The soil needs to be prepared for okras and that’s best done by making sure that it’s been worked to be eight to ten inches deep. Compost will also enrich the soil and it’s best to use only organic compost to do so. The soil should also be raked to be leveled and this is best accomplished when the soil is dry.

It should be planted in spring, two or three weeks after the dangers of frost have passed because a frost could kill it. You should also plant to avoid the winter frost by at least two or three months. That’s the only way to make sure your work won’t be in vain.

Okra will produce large flowers about two months after they’ve been planted. The pods will be ready about 4 days later and that’s when they should be picked off. It’s best to pick them every two days to allow all pods to reach maturity over time.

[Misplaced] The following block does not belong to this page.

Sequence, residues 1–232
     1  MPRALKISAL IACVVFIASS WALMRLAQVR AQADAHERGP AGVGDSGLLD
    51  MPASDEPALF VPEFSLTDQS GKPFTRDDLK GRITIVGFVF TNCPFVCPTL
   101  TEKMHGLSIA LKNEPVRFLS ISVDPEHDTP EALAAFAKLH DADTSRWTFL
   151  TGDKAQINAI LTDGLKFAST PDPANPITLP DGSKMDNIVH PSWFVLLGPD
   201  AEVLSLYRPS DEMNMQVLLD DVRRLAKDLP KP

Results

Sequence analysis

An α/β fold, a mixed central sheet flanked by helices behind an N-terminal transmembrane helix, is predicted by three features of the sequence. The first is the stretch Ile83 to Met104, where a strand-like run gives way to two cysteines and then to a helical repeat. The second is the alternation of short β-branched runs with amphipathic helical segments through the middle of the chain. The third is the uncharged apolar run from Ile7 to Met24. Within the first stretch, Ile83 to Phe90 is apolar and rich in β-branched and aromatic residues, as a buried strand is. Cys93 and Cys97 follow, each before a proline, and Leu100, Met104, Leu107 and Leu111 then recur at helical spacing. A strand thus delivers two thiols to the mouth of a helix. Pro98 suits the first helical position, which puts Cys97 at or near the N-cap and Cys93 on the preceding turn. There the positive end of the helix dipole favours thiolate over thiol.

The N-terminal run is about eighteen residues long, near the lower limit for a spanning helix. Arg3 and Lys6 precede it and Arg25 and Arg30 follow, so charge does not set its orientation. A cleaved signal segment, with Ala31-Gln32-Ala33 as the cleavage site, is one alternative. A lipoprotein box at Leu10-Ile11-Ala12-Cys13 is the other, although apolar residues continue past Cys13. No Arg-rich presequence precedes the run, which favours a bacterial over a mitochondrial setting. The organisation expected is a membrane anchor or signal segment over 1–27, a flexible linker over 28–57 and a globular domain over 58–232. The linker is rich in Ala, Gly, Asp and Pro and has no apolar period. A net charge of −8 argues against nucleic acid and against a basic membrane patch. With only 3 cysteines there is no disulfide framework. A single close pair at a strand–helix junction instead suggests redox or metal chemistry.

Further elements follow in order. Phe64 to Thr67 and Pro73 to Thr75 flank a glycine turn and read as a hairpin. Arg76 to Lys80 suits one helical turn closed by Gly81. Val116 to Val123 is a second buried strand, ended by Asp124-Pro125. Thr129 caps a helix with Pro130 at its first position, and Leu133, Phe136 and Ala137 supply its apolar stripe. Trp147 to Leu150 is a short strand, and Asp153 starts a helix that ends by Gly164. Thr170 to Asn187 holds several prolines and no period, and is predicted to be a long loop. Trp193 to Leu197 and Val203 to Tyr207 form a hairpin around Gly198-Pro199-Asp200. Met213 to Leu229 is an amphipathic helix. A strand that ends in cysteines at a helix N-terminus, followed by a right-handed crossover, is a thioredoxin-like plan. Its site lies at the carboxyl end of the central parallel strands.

Pesticides are used on okra and the evidence shows that they remain on the plant for quite a long time after they have been used. The chemicals used on okras include: indoxacarb, fenarimol, acetamiprid and chlorfenapyr.


Okra was firstly used in Africa and there is evidence that it was an important plant for the culinary practices of ancient Egypt. Trade ships coming from Europe have brought it back and it became a part of the culinary practices in France and the Nederland.

Now they are grown in all climates they allow it and with the rise of the focus on world cuisine and healthy dinning it’s been exported and used in restaurants and healthy markets everywhere.

There is evidence that it was used in the US since its founding and Thomas Jefferson was said to be growing it in Virginia himself.